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Perched upon the top of a mountain, Kuelap can now be accessed by Peru’s first ever cable car system and, while making this twenty-minute journey up the mountain, you can only begin to appreciate how impressive it is that they built it in such steep inclines. At the top, you can see for miles in every direction. The site has an ethereal quality which makes the Chachapoya people deserving of being ‘of the clouds’.

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Our guide told us some facts (and speculations) about the place. It hasn’t received too much archaeological attention compared to other areas, but the excavations which have been done uncovered curious things such as human bones ritually placed within bottle-shaped recesses built into some of the walls. There is also a large platform on the south side they believe to have been a ceremonial space. It has the iconic face of a deity imprinted onto some of its stones, and the small opening at the top is perfectly aligned to where the sun shines on one of the equinoxes.

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It took a full two hours to make our way through the entire complex, which is overgrown with trees but fairly well maintained. I didn’t realise that it would be so extensive. Kuelap exceeded my expectations in many ways and I do honestly believe that if it was in a country other than Peru – where it is somewhat over-shadowed by Machu Picchu – and wasn’t so hard to get to, it would be a world-renown attraction of much higher regard.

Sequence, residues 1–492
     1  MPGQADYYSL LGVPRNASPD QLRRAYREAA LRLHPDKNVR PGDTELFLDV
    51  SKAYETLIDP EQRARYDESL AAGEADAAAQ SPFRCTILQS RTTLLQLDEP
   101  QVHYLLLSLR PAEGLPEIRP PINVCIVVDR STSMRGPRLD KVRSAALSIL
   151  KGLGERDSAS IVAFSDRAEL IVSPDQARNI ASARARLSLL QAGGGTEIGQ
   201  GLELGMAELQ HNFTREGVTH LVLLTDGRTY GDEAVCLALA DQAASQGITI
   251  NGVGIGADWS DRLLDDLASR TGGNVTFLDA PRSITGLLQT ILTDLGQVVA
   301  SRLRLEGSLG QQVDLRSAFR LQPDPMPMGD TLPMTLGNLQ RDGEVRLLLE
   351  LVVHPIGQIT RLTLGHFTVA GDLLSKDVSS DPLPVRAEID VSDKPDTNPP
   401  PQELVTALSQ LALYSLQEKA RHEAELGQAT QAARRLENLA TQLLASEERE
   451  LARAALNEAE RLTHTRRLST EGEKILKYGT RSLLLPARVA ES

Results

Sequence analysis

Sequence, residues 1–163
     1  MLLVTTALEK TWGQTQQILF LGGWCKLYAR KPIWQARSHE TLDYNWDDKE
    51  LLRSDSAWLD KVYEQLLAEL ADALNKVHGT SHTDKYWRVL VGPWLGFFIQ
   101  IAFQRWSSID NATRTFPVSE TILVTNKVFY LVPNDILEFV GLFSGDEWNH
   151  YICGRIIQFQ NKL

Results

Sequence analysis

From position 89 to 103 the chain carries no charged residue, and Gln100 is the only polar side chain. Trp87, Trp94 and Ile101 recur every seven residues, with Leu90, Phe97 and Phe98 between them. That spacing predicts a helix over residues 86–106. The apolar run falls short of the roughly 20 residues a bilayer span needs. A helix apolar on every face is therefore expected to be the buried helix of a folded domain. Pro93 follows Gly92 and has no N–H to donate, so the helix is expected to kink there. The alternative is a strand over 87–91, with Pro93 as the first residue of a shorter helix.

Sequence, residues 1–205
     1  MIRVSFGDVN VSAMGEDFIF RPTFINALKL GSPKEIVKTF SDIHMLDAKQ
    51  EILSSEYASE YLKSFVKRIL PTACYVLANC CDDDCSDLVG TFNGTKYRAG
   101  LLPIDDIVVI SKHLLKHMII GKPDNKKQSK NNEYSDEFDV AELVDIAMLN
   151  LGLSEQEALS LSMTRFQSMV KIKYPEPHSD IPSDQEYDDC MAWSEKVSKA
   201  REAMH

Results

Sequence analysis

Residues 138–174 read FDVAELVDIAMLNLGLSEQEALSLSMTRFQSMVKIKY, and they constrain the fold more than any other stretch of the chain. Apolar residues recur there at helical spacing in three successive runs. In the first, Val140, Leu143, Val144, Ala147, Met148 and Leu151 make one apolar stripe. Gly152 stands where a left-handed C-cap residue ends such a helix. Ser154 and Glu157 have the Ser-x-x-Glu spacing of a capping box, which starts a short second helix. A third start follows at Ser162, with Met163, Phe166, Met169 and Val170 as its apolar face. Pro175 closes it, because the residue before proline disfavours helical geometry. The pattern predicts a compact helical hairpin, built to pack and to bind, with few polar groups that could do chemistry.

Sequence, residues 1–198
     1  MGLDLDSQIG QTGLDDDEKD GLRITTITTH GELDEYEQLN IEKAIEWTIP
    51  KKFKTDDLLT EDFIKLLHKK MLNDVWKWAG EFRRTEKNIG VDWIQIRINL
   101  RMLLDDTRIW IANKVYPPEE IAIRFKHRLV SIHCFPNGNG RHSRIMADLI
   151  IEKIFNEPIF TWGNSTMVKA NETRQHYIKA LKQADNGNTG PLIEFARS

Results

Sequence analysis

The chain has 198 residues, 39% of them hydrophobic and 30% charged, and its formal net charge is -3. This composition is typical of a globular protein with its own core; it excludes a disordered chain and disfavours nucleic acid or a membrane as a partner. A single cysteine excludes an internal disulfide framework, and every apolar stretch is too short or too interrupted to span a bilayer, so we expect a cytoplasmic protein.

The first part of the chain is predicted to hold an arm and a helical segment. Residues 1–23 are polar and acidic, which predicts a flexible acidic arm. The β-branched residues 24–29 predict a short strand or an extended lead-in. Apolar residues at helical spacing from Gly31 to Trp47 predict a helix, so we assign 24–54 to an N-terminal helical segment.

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I guess that it is a good thing in a way that it gets such little attention because sometimes the magic of places can be lost when they become too popular.

 

For more photos and videos, click here.

Also, here is a link to a very interesting BBC documentary about the Chachapoya people.

Published by Tej Turner

Tej Turner is a writer of fantasy and science fiction. His debut novel The Janus Cycle was published by Elsewhen Press in 2015 and its sequel Dinnusos Rises was released in 2017. Both of them were described as ‘gritty and surreal urban fantasy’. He has also had short stories published in various anthologies. He has since branched off into writing epic fantasy with a novel called Bloodsworn published in early 2021. The first in his ‘Avatars of Ruin’ series. Tej Turner has spent much of his life on the move and does not have any particular place he calls ‘home’. For a large period of his childhood, he dwelt within the Westcountry of England, and he then moved to rural Wales to study Creative Writing and Film at Trinity College in Carmarthen, followed by a master’s degree at The University of Wales Lampeter. After completing his studies, he moved to Cardiff, where he works as a chef by day and writes by moonlight. He is also an intermittent traveller who every now and then straps on a backpack and flies off to another part of the world to go on an adventure. So far, he has clocked two years in Asia and a year in South America. He hopes to go on more and has his sights set on Central America next. When he travels, he takes a particular interest in historic sites, jungles, wildlife, native cultures, and mountains. He also spent some time volunteering at the Merazonia Wildlife Rehabilitation Centre in Ecuador, a place he hopes to return to someday.